Yeah, I find it way more effective to just use an attractive image of an epic fantasy landscape rather than find an image that actually illustrates the point of the article. Way easier, too. But, *evil cackle* whether you like it or not, there’s nothing you can do to stop me! Wait…what are you doing? No, wait! Don’t click away from this article!
But yes…info dumping. Ah, where to begin? Well, I should start by saying that info dumping is the #1 thing that all writers struggle with, and a perfect avoidance of info dumping (I mean, conveying information in a way other than info dumping) leads to mastery of writing. After all, a story is just a collection of information told interestingly.
As in all writing, everything has a place, even the dreaded info dump. But 999 times out of a thousand, that information is placed too densely and early for the reader to care, and is a serious blow to the reader’s motivation to keep reading. It sticks out like a sore thumb, unavoidable. Why then do so many writers, even experienced ones, fall to this prey to this mistake?
Often the motivation for lengthy info dumps is enthusiasm for the story’s cooler elements. What a lot of writers forget, however, is that when readers first pick up your book they’re not nearly as enthusiastic about it as you. Therefore the knowledge doesn’t excite them. For example, your readers won’t care about a secret that one of the main characters has until they’ve read on and convinced themselves that it’s really important, at which point they’ll be begging for an info dump.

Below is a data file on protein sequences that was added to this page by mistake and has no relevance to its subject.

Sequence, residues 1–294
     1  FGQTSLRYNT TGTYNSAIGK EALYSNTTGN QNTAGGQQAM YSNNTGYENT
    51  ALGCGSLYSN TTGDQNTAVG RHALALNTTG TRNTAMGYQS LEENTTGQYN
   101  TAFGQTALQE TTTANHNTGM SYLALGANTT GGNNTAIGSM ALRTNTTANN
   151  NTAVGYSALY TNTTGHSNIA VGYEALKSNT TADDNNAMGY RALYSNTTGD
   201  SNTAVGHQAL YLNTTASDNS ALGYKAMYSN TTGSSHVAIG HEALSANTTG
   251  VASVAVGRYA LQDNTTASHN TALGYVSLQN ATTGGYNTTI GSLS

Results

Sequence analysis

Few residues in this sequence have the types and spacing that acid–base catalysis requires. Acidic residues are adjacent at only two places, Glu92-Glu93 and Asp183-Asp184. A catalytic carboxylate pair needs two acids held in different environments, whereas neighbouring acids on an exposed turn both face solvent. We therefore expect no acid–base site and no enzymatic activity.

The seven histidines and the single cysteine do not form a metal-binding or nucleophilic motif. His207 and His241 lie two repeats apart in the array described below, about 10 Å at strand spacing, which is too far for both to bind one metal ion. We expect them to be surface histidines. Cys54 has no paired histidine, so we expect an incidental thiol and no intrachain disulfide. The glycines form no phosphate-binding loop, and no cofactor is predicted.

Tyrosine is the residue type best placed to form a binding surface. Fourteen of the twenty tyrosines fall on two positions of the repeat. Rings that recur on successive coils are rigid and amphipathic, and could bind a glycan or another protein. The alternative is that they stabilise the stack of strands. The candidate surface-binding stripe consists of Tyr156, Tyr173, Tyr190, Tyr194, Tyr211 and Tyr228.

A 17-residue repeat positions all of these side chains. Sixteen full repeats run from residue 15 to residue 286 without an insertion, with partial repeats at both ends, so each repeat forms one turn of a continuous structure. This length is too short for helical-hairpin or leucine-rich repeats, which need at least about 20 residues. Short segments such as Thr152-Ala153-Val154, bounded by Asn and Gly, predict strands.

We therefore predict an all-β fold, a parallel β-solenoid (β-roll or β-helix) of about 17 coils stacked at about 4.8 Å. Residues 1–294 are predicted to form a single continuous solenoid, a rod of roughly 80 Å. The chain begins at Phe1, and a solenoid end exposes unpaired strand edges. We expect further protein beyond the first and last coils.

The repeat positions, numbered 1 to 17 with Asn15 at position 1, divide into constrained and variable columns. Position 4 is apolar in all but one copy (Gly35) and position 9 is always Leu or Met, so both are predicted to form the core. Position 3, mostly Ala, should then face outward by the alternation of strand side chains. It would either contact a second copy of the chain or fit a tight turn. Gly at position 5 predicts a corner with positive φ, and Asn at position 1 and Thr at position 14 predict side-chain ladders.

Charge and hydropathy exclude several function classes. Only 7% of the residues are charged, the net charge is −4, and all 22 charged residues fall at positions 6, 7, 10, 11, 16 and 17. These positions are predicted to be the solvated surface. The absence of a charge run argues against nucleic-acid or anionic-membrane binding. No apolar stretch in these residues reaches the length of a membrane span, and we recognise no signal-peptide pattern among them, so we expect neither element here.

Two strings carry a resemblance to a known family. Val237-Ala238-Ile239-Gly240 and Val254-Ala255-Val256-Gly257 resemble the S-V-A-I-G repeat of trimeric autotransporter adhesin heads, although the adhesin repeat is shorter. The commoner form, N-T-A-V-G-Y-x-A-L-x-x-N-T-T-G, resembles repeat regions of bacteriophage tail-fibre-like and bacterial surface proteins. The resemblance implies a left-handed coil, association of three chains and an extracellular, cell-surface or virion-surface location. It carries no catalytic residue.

Don’t explain your lore and history like a nerd accosting a random stranger on the street. All too often, this is what information dumps feel like. So that’s your first guideline for avoiding info dumps: introduce information when the reader is most likely to care. Some information, like a prologue, is 100% necessary to the plot and characters of the story, and therefore it’s more effective to make the prologue have a direct impact on the story so that the reader feels like the information you just gave him or her actually matters.
A pro writing tip from Brandon Sanderson: work info dumps into dialogue as well as you can. This helps alleviate some of the reader’s suspicion that the author is directly telling him or her about something like a bored schoolteacher. I always say that characters talk about what’s important to them, so if you make the information prevalent to the character, they’ll find reason to talk about it, thus alerting the reader.
However, the single best thing you can do when trying to fix info dumps is to cut information that doesn’t further the story. If it’s not interesting or necessary, it should be cut. To quote Kurt Vonnegut:
“Every sentence must do one of two things–reveal character or advance the action.”– Kurt Vonnegut
To be honest, it’s fun to get caught up in the creation of an immersive world. Creating backstories for landmarks, fortresses, countries, and people makes you feel like the god of your own world. It encourages many people who were previously shy and uncreative to go buck-wild with all manner of cool things. But remember this: the reader doesn’t want to hear histories and backstories. At least, not now. Save that stuff for later and cram it into dialogue.
Good luck, and happy writing!
Be sure to check out my latest novel, Book 1 in the Praetors of Lost Magic Series, and our Publications page. Plus, I mean, it wouldn’t hurt to check out the Resources tab. It’s full of super helpful material and I promise it will help you out. Until then, writers!